Saturday, 25 July 2015

Ragwort and Water Voles

 Commas

 Southern Hawker

 What looks like a vole-cut to me, and the plant was right next to a burrow and a feeding station.





It's clear, especially when you're doing The Big Butterfly Count, how much insects love ragwort. But I thought mammals avoided eating the fresh plant because it tasted nasty. However, this does look like water vole-gnawing to me (third photo down) as it was high up the stem, a slanted cut, and right next to a burrow and other feeding. I've never found ragwort in feed stations, so my guess is a water vole just gave this a try, thought it was horrible and gave up.

Thursday, 16 July 2015

Stoat





A couple of days ago I was waiting for voles and a stoat appeared, slinking through the grass. It's been a week and a half since I had a good photo of a water vole, and it struck me that perhaps they'd changed their patterns to be more nocturnal and avoid the predator. There were still plenty of field signs about. I stuck the trail cam down and yes, it looks as if that's the case.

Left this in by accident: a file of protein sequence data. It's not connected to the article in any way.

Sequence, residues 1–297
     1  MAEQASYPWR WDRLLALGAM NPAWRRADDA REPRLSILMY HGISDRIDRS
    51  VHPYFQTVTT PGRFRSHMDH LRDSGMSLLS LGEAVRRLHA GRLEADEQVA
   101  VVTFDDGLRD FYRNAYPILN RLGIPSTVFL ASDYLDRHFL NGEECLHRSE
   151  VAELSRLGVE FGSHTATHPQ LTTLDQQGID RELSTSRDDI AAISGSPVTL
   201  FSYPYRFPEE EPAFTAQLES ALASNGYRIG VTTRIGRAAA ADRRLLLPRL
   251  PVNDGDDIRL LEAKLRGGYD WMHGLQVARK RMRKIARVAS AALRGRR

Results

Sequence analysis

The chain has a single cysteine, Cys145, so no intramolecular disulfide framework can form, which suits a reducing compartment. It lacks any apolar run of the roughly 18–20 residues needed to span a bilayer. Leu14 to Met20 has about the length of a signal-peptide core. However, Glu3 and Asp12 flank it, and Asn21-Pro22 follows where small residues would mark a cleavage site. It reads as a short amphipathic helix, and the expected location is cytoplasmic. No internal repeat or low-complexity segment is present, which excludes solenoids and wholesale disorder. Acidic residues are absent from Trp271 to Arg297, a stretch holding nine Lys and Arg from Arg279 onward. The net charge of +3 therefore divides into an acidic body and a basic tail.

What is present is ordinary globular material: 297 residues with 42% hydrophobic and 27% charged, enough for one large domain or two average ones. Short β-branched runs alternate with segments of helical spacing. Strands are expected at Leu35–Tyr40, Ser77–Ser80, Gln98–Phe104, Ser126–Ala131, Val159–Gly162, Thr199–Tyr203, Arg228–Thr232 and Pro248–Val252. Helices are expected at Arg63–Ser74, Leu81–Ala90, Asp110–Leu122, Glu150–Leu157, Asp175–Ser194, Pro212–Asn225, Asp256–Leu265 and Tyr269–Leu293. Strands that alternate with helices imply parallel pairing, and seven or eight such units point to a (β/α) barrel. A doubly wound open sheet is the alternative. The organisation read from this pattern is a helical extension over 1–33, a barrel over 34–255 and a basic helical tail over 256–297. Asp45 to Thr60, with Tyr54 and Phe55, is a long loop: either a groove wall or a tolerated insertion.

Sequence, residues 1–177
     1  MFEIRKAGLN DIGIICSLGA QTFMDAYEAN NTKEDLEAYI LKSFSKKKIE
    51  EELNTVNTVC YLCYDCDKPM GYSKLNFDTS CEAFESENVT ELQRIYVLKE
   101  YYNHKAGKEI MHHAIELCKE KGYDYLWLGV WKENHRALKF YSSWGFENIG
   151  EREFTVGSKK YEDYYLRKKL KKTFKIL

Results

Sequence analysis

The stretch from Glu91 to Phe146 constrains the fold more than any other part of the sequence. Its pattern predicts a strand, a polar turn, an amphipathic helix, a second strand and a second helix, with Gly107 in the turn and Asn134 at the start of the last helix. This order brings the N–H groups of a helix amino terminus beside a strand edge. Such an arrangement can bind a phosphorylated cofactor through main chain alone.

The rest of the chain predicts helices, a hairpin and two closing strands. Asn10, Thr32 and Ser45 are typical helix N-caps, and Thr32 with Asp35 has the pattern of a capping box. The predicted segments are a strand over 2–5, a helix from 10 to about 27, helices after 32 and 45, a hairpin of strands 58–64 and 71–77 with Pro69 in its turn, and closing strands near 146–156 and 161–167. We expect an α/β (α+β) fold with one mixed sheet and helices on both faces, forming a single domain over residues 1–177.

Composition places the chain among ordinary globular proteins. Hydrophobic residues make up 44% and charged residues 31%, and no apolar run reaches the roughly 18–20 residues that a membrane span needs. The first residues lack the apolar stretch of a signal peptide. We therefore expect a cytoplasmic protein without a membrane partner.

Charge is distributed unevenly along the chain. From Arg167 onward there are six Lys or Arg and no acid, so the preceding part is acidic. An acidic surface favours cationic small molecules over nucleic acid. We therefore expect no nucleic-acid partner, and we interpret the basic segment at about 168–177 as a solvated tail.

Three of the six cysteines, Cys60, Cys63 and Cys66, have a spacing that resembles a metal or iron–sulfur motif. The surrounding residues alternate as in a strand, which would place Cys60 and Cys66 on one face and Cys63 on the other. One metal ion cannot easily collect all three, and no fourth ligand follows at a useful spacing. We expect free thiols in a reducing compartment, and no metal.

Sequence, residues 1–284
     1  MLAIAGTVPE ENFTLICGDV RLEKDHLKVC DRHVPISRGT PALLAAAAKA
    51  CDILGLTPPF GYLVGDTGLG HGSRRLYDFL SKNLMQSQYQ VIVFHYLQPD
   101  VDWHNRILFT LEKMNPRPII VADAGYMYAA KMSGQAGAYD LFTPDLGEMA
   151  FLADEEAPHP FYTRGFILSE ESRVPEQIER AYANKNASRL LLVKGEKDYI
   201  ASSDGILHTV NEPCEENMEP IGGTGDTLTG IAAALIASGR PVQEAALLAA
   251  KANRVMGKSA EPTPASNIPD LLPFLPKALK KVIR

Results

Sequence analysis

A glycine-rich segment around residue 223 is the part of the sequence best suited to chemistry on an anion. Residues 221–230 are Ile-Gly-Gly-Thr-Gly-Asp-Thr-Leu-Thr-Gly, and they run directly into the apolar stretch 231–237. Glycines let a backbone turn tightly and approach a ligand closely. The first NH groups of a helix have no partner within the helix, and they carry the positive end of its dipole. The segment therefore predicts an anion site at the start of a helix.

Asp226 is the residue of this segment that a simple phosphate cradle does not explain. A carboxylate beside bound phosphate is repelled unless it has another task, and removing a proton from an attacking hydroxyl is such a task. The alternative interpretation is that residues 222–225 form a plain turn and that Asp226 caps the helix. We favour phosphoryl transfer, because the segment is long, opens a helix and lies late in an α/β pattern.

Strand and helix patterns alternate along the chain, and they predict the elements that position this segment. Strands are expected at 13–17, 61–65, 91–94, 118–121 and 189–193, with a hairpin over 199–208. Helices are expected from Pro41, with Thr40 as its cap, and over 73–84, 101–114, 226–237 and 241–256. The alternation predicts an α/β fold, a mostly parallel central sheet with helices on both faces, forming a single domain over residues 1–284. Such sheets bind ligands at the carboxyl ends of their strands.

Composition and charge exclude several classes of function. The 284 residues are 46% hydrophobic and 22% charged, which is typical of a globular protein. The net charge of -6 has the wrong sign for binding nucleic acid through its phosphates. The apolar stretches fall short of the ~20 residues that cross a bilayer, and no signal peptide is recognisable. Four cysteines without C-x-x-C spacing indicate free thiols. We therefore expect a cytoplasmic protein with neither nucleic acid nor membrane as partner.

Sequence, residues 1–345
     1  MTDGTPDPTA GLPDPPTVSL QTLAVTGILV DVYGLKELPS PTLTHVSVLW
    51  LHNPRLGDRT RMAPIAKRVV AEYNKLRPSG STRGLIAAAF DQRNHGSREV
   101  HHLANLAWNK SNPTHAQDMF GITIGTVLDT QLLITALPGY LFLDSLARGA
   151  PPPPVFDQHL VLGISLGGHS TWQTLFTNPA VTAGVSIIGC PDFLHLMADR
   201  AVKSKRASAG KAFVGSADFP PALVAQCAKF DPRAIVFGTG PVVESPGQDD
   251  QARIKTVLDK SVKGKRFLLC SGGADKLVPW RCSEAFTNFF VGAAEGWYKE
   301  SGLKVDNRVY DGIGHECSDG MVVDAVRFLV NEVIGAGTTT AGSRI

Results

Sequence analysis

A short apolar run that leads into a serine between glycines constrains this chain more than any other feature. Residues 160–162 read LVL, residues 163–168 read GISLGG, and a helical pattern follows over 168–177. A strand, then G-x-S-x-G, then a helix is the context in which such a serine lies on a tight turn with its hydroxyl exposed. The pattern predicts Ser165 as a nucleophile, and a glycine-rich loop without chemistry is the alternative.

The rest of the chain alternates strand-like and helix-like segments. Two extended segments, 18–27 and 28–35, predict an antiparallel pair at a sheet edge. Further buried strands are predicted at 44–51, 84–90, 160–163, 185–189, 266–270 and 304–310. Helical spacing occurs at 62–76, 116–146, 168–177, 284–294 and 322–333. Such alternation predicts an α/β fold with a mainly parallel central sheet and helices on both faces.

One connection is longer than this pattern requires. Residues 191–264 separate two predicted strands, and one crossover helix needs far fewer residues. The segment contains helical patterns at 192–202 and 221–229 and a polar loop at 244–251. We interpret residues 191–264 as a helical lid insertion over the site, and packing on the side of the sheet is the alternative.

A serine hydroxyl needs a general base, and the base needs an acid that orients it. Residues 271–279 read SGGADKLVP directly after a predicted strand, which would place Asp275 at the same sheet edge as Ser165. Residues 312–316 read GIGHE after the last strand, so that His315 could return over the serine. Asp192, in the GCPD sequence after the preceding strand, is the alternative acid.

Which leads me to another question: when do water shrews ever sleep?

Monday, 13 July 2015

Amphibians at Brown Moss


Possibly a Mother Shipton moth?


Juvenile common newt


 Juvenile coot


Spot the teeny toad!


A young great crested newt (and friend)


Water shrew at the back




Edgeley Road water vole

Friday, 3 July 2015

Now Summer's Really Here



 water vole latrine



speckled wood


yellowhammer



young toads


a great crested newt


huge common toad


privet hawk moth


juvenile water vole again (note the large feet)

Friday, 26 June 2015

Amazing Performing Voles









The top photo gives a view of the paler pelage, which is useful for voles hiding from underwater predators like pike.

Tuesday, 23 June 2015

Massive Feet


One of the ways you can tell a young water vole is by its huge feet.